Seattle Edible Book Festival. So if you've got a favorite book or literary pun up your sleeve that you're just dying to pay homage to in jello or sculpt in marzipan--fellow book nerd, we love you. And this is your time to bring it.
If you're yet to have heard about the Edible Book Festival, the premise is simple: create and bring a piece of edible art that is related to books. It can be a pun on a title, refer to a famous scene or character, look like a book, or just have something to do with books in general. The only requirement is that it must be edible.
Overall, the festival is a great opportunity to get together and celebrate books, food, and some good ol' fashioned nerdy fun. And you don't just have to be a book lover to play along--this event is perfect for chefs, artists, kids, foodies, and even your average punsters.
Last year we had the chance to volunteer at the festival and we were amazed by the creativity and wit that went in to all of the pieces. For a general idea, past years have included entries such as: S'more and Peace, Alice in Wonderbread, The Bun Also Rises, Curd Vonnegut, Her Pie Was Watching God, and so, so, so much more. We even saw one entry titled For Whom the Taco Bell Tolls, which only included some Taco Bell food. Seriously. As long as it's edible and pertains, you're in.
Once everyone has gotten a chance to peruse all of the delicious literary goodness, awards will be given in the following categories: Most Pun-derful, judged by librarian Susan Hildreth; Most Drop-Dead Gorgeous, judged by Seattlest's very own Jay Friedman (woo hoo!); Most Delectably Appetizing, judged by foodie Cynthia Lair; Most Structurally Book-like judged by Seattle Times' Mary Ann Gwinn; and the festival's highest honor of Best in Show, judged by the audience and Edible MC Nancy Guppy.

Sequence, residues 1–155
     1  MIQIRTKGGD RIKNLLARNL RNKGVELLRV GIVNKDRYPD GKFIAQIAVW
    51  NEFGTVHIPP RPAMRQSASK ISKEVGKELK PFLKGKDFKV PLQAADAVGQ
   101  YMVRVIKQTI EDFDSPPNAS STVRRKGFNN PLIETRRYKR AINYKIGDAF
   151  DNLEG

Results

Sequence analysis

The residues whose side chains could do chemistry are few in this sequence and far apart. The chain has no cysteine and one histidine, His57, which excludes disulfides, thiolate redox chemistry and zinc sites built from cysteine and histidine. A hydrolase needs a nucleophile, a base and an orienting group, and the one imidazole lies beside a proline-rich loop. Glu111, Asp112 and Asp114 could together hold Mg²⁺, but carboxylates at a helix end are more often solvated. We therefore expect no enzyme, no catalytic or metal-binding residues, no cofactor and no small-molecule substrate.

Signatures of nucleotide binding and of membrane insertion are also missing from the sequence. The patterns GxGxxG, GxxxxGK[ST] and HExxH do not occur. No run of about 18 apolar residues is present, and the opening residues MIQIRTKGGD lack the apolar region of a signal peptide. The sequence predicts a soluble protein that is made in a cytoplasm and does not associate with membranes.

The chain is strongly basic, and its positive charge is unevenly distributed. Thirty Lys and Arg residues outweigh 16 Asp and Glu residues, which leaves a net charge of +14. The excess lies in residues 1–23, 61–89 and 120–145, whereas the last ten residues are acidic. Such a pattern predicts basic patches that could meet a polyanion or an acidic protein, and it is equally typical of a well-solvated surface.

Good Shepherd Center at noon on April 10th. Admission is free for those entering and $10 for those just viewing (and eating) the entries. To enter your own edible art piece you MUST register before April 8th. All books are welcome, including children's classics, poetry, nonfiction, biographies, or anything else you could possibly find on your bookshelf.
And, it's for a good cause! The festival supports the Seattle Center for Book Arts, a nonprofit that promotes education in hand book binding and related art forms.
So get to cooking, folks! Pull out your favorite apron and put on that thinking cap in honor of your all-time favorite literary moments. And after the awards are finished, it's time to eat all of those beautiful, edible words and we promise there will be plenty of treats to go around.